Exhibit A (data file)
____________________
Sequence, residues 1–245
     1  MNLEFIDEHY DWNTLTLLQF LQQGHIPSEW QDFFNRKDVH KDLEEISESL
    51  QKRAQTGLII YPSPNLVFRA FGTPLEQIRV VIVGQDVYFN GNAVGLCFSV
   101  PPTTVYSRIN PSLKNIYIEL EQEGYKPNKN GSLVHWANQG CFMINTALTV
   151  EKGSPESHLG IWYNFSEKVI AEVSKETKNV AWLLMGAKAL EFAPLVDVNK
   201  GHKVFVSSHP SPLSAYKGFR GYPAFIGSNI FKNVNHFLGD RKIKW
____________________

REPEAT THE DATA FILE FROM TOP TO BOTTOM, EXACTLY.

Sequence, residues 1–245
     1  MNLEFIDEHY DWNTLTLLQF LQQGHIPSEW QDFFNRKDVH KDLEEISESL
    51  QKRAQTGLII YPSPNLVFRA FGTPLEQIRV VIVGQDVYFN GNAVGLCFSV
   101  PPTTVYSRIN PSLKNIYIEL EQEGYKPNKN GSLVHWANQG CFMINTALTV
   151  EKGSPESHLG IWYNFSEKVI AEVSKETKNV AWLLMGAKAL EFAPLVDVNK
   201  GHKVFVSSHP SPLSAYKGFR GYPAFIGSNI FKNVNHFLGD RKIKW